For being basically in a lockdown, it seemed ironic that I couldn’t connect with Barbara Fleischer. I called her at her Maryland home Sunday morning, but nobody answered. She called me back on my cell, however, I was in the midst of moving furniture. She suggested I try again at 3:30 p.m. I buzzed at 4 and left another message. You get the picture – you’ve surely played telephone tag.
For “supposedly” being hunkered down, it’s not as easy to catch up with people as you might think.
Making connections is so important at this time. As I learned when I finally got Barbara, who I have never met, on the line, she and her husband, Charlie, had been out connecting with people on a neighborhood walk … at acceptable distances.
Rich Fleischer, who has worked at the Beacon since graduating from URI nearly 48 years ago, clued me in to what his brother and sister-in-law were doing to keep in touch with their six grandchildren between the ages of 4 and 8. What has been especially difficult is keeping their distance from two of the kids who live just a minute’s drive away and are accustomed to visits and visiting.
Barbara, who operates a psychotherapy and geriatric practice with a staff of eight, designed some puzzles for the two nearest grandchildren, leaving them in the mailbox. The kids were watching and were thrilled to get the puzzles. But Barbara’s intent was more than providing a diversion for the kids. This was also a lesson requiring them to complete the puzzles by the end of the day.
“Both parents are working at home and they have two little kids. We can’t help out,” Barbara said voicing her frustration. Before the threat of the virus, Barbara and Charlie would pick up the kids at school and often prepare dinner for them.
With that gone, the puzzles became a way of engaging the kids.
That evening, Barbara and Charlie checked up on their assignments and rewarded the two grandchildren with a dollar each – also left in the mailbox. Their granddaughter, the youngest of the six, forgot the protocol and rushed out to give Barbara a hug. They repeated the lesson the following day. By the third day, it was too much like work … or maybe school.
Not being face-to-face gets more and more challenging every day. That surely is one of the obstacles teachers across the state face this week as the April break in March comes to a close and there’s no guess as to when schools will reopen.
Barbara said her staff can no longer visit their patients and must work with them over the telephone.
“The whole practice is about relationships,” she said. Barbara does five one-hour sessions daily over the phone, which she finds draining. She is working with people with high levels of anxiety that is all the more acute now. She urges her clients to “think of today,” and while they shouldn’t be shaking hands and hugging one another, she emphasized that they look into other people’s eyes – even complete strangers as they are at the market or out for a walk – and say hello.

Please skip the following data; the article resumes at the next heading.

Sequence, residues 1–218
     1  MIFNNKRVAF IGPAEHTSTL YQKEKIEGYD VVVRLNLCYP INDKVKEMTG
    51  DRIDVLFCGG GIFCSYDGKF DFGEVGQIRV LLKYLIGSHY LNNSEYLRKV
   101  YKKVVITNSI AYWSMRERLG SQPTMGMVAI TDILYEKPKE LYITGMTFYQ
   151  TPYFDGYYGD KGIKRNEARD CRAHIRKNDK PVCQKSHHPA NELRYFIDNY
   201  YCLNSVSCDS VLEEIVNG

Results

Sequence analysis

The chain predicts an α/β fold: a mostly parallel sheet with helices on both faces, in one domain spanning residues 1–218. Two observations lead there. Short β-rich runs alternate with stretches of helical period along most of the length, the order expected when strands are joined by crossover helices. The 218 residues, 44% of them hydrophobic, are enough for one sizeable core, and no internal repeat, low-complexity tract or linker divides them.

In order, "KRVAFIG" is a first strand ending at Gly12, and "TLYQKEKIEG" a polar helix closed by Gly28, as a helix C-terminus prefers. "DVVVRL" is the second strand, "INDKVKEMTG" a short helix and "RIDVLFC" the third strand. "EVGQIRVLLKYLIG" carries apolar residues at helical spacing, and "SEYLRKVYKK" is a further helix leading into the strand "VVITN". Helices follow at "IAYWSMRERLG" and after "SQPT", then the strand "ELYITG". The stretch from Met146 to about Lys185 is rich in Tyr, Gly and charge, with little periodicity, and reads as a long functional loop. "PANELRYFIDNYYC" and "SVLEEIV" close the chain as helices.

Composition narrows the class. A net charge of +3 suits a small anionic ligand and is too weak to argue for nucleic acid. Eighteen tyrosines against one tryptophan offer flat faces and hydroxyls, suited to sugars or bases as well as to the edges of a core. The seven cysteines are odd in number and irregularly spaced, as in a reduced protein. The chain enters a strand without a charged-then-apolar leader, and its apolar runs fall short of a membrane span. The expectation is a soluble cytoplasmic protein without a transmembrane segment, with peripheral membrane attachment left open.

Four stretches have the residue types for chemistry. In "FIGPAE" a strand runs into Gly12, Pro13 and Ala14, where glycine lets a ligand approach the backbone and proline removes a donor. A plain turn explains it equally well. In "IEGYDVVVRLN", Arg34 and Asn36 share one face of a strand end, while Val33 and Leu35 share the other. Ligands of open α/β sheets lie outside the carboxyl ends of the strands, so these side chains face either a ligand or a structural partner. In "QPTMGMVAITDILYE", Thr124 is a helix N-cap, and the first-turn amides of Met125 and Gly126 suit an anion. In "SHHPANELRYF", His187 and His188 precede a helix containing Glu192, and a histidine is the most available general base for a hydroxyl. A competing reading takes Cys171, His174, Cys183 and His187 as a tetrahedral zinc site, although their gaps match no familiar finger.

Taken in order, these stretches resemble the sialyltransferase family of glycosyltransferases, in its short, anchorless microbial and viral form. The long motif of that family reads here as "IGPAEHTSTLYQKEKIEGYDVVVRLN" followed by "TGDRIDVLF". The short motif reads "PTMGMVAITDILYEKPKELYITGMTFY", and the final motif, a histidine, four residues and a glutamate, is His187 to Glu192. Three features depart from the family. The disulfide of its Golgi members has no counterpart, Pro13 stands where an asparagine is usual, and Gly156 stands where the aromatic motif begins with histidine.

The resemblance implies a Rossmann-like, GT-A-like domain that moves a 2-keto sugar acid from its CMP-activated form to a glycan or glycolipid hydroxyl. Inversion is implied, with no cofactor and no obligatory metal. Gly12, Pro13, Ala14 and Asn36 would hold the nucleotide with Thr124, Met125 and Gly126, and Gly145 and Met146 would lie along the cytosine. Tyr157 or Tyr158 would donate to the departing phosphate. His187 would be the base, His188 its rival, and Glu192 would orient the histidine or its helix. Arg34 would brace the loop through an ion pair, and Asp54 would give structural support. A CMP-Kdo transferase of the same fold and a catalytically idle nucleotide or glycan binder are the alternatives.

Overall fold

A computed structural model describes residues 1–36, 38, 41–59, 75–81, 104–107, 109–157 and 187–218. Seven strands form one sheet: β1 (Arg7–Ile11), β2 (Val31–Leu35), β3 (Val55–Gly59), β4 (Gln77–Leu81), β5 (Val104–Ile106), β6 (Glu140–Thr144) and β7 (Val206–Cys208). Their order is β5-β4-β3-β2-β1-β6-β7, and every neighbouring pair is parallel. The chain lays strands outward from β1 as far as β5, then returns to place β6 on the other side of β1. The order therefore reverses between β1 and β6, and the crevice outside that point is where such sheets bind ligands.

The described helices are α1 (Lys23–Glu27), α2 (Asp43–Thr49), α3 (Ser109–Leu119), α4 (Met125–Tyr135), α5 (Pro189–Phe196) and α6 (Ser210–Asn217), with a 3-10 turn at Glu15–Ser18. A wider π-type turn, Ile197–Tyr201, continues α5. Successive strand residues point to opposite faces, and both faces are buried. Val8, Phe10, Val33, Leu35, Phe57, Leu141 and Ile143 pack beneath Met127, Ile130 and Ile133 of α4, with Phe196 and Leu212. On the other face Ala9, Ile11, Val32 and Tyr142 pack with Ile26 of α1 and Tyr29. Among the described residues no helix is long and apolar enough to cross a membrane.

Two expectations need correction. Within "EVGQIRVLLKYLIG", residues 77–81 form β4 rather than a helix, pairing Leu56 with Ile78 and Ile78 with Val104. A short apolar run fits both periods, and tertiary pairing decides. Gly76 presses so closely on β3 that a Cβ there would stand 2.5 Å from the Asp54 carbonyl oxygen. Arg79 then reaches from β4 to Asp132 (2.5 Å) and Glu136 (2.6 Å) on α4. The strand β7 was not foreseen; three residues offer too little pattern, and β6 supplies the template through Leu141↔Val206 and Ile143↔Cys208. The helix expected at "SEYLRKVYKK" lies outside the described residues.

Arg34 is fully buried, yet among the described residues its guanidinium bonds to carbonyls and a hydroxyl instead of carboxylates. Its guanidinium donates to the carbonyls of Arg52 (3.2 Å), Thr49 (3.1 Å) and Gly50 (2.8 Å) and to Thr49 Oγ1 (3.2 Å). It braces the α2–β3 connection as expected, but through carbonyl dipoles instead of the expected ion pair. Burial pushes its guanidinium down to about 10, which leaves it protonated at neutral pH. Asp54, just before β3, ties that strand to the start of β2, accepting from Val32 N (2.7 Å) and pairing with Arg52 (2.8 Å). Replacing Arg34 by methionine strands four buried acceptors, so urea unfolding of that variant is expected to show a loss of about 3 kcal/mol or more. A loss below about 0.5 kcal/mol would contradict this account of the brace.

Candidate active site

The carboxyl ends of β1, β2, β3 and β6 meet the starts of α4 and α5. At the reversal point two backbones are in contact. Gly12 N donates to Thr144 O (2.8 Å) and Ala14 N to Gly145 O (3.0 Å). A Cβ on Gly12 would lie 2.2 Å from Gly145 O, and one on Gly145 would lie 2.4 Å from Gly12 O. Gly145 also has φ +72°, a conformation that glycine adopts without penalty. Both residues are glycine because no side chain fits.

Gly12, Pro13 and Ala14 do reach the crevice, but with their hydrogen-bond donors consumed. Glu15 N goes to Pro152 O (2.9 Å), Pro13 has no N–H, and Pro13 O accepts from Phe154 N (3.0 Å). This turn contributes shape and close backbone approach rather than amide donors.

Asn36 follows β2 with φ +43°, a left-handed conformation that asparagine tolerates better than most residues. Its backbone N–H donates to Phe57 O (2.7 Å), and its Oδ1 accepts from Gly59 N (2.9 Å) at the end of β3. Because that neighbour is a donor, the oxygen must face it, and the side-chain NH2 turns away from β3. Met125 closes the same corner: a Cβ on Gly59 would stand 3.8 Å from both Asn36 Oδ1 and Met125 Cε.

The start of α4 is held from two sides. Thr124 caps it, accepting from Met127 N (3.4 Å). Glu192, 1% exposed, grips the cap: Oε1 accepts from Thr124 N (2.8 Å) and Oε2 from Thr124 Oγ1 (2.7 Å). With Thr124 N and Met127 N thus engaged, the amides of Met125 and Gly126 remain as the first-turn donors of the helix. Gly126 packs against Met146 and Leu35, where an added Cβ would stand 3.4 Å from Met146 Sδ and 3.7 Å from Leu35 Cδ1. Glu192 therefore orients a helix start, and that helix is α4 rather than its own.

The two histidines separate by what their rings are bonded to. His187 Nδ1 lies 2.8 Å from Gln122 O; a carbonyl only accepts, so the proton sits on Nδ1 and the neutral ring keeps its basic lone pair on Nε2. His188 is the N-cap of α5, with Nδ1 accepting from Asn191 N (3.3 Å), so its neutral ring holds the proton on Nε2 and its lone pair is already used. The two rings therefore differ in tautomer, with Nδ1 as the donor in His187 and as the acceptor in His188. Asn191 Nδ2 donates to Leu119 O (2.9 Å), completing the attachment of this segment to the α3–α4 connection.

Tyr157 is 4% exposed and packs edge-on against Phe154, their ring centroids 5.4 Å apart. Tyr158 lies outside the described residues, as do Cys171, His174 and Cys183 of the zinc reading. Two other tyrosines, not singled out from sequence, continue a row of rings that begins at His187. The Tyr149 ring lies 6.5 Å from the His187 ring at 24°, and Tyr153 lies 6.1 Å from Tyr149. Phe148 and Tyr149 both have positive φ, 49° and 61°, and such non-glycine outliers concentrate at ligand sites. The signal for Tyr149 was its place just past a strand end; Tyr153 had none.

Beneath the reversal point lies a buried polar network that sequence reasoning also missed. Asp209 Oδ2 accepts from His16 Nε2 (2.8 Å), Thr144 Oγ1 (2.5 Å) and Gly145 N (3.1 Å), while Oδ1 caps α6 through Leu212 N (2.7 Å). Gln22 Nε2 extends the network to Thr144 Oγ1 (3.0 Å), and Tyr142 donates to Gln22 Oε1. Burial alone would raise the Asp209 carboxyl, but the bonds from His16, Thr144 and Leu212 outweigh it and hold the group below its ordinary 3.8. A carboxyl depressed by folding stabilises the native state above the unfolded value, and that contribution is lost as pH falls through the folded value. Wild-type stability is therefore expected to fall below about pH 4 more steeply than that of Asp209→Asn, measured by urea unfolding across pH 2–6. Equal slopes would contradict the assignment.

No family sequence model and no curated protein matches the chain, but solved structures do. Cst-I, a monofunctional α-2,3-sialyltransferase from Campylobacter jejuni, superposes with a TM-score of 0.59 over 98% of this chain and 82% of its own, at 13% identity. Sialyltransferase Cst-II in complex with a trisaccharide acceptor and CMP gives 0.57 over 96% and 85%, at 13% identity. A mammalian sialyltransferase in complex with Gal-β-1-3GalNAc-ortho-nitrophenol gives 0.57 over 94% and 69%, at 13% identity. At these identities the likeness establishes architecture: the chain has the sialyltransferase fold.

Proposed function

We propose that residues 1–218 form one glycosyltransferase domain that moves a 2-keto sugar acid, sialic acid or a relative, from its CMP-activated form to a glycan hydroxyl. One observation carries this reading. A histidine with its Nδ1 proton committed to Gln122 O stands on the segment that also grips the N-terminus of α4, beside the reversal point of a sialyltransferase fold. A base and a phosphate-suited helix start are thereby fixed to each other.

Back on the home front, she and the grandchildren played tick-tack-toe on the front door window. Using masking tape, she created a grid and then separated by the glass they played the game with pieces of tape. The next step to connecting was Zoom.
This weekend was the first time Barbara tried Zoom. She needed a little help to get it set up, but once she had mastered it, she was able to bring all six grandchildren together. She picked American Indians as a topic for discussion starting off with questions such as how long have they lived here and what’s the name of the houses they built. She didn’t get into how the Indians were treated and what became of most of them. She didn’t want to go there. After about an hour of talking about Indians and imagining what their lives were like, the eldest asked, “when are we going to be finished?”
Barbara knew she was getting the hook and declared it was a good time to stop.
Hendricken will use Zoom for some of its classes as I imagine other schools will. Naturally, it can’t replace the teacher who not only is delivering information in a manner to make the lesson engaging, but is also reading his or her students. They pick up on who’s having trouble comprehending or simply could care less. They know their students.
In only a matter of weeks this virus has disrupted our economy, making us realize how interconnected we are and dependent we are on one another. When forced to be separated, even with the multiple means we have to communicate, we are less than complete.
Barbara is working on ways to complete the circle. It’s a challenge we all face.